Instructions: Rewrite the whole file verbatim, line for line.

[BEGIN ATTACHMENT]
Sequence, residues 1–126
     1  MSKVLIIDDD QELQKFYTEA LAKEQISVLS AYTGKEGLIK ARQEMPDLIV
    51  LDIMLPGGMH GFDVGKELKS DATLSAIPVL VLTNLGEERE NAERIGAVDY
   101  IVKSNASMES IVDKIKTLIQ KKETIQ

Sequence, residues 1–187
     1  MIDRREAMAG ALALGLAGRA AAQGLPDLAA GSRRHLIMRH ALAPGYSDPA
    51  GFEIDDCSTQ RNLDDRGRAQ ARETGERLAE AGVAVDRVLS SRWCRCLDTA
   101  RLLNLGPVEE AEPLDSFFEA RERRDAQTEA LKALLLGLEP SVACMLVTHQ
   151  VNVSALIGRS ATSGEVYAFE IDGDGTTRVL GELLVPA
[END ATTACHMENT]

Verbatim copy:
Sequence, residues 1–126
     1  MSKVLIIDDD QELQKFYTEA LAKEQISVLS AYTGKEGLIK ARQEMPDLIV
    51  LDIMLPGGMH GFDVGKELKS DATLSAIPVL VLTNLGEERE NAERIGAVDY
   101  IVKSNASMES IVDKIKTLIQ KKETIQ

Sequence, residues 1–187
     1  MIDRREAMAG ALALGLAGRA AAQGLPDLAA GSRRHLIMRH ALAPGYSDPA
    51  GFEIDDCSTQ RNLDDRGRAQ ARETGERLAE AGVAVDRVLS SRWCRCLDTA
   101  RLLNLGPVEE AEPLDSFFEA RERRDAQTEA LKALLLGLEP SVACMLVTHQ
   151  VNVSALIGRS ATSGEVYAFE IDGDGTTRVL GELLVPA